Media Contacts

Suzanne Winchester

Associate Director , Office of Public Affairs
Email: suzanne.winchester@hsc.utah.edu
Phone: 801.581.3102

Jan 31, 2018 1:57 PM

As of January 29, 2018 every infant born in Utah will be screened for Spinal Muscular Atrophy (SMA). The Utah Department of Health (UDOH) Newborn Screening Program tests blood samples from approximately 52,000 newborns every year and identifies nearly 400 infants who suffer from more than 40 different disorders. Utah and Massachusetts are the first states to begin screening for SMA.

“These disorders are often times not detected and diagnosed until symptoms develop, which unfortunately could be too late to prevent disability or death,” said Kim Hart, manager with the UDOH Newborn Screening Program. “The testing done by our staff is critical to the early detection and treatment of disorders that help ensure these babies lead fuller and healthier lives.”

SMA is a progressive neurodegenerative disease that affects the motor nerve cells in the spinal cord which impedes the ability to sit up, walk, swallow, and in the most severe cases, breathe. It is the leading genetic cause of death for infants, affecting approximately one in 11,000 infants nationally.

“We applaud the Utah Department of Health for adding SMA to the newborn screening panel,” said Russell Butterfield, MD, PhD, neurologist with the University of Utah. “We can now identify and treat patients with SMA in the first weeks of life, before symptoms emerge.”

The U.S. Food and Drug Administration recently approved a promising new treatment for infants with SMA. Infants who are diagnosed before exhibiting symptoms, and who receive treatment have achieved unprecedented milestones such as sitting, standing, and walking.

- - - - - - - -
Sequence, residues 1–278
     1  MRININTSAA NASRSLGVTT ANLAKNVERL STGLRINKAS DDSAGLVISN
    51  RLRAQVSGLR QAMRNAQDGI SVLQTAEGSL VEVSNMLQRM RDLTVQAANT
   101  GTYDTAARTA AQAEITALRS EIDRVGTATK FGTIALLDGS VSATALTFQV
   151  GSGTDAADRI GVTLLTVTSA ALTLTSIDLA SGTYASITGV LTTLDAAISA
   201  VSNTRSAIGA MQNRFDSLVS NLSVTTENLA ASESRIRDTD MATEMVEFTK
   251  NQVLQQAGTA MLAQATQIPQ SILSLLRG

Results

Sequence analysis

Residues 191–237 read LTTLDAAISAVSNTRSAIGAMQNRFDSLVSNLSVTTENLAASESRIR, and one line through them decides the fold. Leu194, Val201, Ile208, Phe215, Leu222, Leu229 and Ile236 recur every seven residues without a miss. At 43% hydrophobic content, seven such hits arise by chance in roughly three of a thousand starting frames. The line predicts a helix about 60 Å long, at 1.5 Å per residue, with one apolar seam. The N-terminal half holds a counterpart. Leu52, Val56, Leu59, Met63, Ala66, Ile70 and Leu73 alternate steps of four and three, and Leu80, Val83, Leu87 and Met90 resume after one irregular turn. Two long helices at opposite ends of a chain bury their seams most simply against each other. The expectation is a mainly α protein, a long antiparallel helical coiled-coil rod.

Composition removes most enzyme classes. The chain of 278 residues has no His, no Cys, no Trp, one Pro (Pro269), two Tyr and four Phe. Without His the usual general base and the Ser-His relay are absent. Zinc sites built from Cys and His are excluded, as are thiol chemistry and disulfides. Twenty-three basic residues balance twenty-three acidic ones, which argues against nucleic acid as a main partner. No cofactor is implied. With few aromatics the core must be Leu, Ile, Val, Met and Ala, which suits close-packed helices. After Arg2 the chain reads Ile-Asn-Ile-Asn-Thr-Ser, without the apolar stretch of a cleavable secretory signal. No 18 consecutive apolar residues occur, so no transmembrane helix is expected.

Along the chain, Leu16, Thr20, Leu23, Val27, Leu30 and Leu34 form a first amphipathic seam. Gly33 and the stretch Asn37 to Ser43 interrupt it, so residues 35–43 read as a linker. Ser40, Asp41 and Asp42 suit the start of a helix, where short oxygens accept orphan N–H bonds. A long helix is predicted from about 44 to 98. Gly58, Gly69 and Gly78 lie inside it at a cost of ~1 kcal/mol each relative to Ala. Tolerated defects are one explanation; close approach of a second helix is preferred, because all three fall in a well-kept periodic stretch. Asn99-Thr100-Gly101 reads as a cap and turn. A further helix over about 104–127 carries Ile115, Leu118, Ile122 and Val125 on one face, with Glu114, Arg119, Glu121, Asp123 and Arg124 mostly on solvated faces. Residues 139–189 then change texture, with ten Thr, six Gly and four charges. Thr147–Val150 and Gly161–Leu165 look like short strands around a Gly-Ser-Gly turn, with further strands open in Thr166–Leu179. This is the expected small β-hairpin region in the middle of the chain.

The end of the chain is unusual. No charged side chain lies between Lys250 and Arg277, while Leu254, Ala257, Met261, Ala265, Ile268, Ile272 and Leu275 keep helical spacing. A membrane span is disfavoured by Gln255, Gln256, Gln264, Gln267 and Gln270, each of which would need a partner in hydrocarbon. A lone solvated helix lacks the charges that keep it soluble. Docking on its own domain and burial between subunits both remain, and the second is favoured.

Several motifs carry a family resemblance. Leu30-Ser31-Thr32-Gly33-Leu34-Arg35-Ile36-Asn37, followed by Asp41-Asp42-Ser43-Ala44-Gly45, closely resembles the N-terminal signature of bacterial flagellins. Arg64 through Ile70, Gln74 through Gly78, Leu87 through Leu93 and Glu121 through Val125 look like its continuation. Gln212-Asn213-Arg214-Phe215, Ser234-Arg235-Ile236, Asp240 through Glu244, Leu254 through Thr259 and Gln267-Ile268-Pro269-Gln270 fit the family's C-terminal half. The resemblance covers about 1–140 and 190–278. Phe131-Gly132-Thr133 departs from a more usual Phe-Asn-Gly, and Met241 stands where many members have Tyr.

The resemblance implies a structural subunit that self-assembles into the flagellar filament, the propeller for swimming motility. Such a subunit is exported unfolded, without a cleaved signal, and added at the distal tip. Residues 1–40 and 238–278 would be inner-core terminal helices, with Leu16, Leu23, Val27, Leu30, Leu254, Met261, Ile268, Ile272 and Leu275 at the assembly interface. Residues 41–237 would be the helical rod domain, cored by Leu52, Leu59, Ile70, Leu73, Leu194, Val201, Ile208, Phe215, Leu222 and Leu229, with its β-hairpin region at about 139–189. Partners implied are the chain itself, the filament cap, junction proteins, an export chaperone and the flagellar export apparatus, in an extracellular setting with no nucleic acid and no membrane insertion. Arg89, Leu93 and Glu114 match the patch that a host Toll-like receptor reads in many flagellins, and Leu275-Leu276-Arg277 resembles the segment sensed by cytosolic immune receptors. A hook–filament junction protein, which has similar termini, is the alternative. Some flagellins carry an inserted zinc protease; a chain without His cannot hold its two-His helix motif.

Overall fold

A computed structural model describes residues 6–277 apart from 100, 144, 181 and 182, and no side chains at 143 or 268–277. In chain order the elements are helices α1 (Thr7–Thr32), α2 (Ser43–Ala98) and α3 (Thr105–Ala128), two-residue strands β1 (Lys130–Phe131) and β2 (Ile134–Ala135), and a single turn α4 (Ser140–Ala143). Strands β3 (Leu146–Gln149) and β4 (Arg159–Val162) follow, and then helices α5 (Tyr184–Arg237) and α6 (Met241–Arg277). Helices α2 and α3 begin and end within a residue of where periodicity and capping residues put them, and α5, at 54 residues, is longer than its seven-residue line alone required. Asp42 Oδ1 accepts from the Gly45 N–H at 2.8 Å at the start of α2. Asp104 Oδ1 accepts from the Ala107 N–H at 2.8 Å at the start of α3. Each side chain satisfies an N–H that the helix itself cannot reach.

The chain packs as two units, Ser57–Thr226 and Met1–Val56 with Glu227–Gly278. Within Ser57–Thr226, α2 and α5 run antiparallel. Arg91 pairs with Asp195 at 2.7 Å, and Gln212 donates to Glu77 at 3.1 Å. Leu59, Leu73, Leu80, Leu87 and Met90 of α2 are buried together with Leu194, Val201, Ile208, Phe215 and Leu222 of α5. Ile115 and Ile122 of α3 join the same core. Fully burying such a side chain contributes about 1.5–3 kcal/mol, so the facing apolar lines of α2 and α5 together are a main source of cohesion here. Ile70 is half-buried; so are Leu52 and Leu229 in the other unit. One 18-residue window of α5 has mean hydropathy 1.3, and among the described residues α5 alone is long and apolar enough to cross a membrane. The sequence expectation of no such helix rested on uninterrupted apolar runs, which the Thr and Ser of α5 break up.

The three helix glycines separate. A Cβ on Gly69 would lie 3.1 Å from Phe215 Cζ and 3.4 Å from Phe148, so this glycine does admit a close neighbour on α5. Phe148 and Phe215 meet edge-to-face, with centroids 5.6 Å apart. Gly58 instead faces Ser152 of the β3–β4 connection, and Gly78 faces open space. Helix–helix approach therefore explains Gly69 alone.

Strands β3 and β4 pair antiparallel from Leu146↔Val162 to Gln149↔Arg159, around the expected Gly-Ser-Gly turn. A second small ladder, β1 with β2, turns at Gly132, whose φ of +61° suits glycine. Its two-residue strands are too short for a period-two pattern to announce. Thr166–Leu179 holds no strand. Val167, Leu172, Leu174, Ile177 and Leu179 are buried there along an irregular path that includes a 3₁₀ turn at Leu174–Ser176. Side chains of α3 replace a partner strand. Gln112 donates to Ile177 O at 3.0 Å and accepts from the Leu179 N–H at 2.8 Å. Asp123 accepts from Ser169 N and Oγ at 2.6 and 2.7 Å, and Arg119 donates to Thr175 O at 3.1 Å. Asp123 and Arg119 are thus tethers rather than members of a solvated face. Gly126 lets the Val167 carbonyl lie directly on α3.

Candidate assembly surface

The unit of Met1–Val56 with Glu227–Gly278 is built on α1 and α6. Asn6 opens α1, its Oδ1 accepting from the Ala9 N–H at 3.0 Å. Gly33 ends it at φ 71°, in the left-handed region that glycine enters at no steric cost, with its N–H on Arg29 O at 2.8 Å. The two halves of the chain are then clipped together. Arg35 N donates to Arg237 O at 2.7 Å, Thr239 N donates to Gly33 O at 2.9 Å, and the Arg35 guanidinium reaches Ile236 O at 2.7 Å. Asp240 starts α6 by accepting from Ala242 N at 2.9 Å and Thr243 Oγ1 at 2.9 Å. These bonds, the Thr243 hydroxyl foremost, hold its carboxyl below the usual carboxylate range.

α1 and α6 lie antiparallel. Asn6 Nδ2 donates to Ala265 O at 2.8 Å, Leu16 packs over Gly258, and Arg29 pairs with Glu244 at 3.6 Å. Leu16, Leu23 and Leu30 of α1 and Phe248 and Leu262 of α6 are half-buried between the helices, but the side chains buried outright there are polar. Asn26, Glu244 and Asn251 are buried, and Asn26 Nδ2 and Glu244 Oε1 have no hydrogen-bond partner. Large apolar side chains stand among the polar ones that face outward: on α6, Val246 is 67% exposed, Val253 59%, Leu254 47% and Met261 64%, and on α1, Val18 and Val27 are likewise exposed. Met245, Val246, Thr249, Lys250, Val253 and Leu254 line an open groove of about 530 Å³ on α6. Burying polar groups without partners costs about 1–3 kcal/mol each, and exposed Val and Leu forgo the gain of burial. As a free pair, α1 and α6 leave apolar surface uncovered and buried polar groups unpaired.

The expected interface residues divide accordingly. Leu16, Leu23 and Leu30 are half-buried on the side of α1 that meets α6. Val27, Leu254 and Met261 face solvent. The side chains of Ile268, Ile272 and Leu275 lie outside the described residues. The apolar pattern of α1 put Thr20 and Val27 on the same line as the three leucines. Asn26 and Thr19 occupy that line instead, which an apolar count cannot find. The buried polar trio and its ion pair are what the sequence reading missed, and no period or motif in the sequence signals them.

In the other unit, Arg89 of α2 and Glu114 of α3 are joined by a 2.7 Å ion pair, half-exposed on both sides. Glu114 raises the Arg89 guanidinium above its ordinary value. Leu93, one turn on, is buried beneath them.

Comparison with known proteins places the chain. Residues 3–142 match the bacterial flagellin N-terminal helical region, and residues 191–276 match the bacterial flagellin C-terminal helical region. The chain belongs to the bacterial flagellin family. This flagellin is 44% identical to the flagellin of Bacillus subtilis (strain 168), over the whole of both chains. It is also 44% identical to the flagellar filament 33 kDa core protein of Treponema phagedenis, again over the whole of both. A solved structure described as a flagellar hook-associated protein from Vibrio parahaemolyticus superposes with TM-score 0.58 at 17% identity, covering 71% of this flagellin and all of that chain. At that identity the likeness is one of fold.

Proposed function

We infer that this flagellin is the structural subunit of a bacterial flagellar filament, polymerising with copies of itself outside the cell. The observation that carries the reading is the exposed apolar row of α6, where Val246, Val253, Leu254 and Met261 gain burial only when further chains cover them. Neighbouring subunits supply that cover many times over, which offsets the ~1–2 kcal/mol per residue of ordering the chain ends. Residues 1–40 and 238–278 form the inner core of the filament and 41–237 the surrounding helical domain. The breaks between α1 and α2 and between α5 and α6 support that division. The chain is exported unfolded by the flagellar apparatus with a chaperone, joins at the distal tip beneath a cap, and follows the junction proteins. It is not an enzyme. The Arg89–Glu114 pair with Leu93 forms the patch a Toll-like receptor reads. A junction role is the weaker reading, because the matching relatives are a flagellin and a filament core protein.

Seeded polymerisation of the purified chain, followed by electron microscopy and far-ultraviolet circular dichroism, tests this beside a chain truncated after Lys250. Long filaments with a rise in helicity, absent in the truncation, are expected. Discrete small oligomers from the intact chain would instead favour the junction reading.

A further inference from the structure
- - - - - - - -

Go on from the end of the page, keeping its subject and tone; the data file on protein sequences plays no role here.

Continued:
Elliot Lewis and his wife are parents of two children with SMA; the youngest, Evie, nine months, is currently being treated. Tragically, their older child passed away due to SMA. “The effect this new treatment has had on Evie is profound and offers hope to so many families that have had very little hope for far too long. We feel that much of Evie's strength was maintained after birth because she was treated at such a young age, before the disease had time to strip it away from her. Newborn screening is the next breakthrough in treating this disease because it gives these kiddos and their families the opportunity to begin treatment before much is lost.”  

“The initiation of newborn screening for spinal muscular atrophy in Utah represents a significant public health advance. There is clear data that infants with SMA benefit when treated early. Children now have access to groundbreaking therapies that have the potential to improve their quality of life,” said Dr. Nicholas Johnson, neurologist with the University of Utah.

The UDOH would like to extend its appreciation to the many partners who worked tirelessly to add SMA to the Utah newborn screening panel, especially the volunteers who serve on the Newborn Screening Advisory Committee.

For more information on the UDOH Newborn Screening Program, visit http://health.utah.gov/nsp/.

The mission of the Utah Department of Health is to protect the public's health through preventing avoidable illness, injury, disability and premature death, assuring access to affordable, quality health care, and promoting healthy lifestyles.

 Utah Department of Health contact: Kim Hart 801-656-9315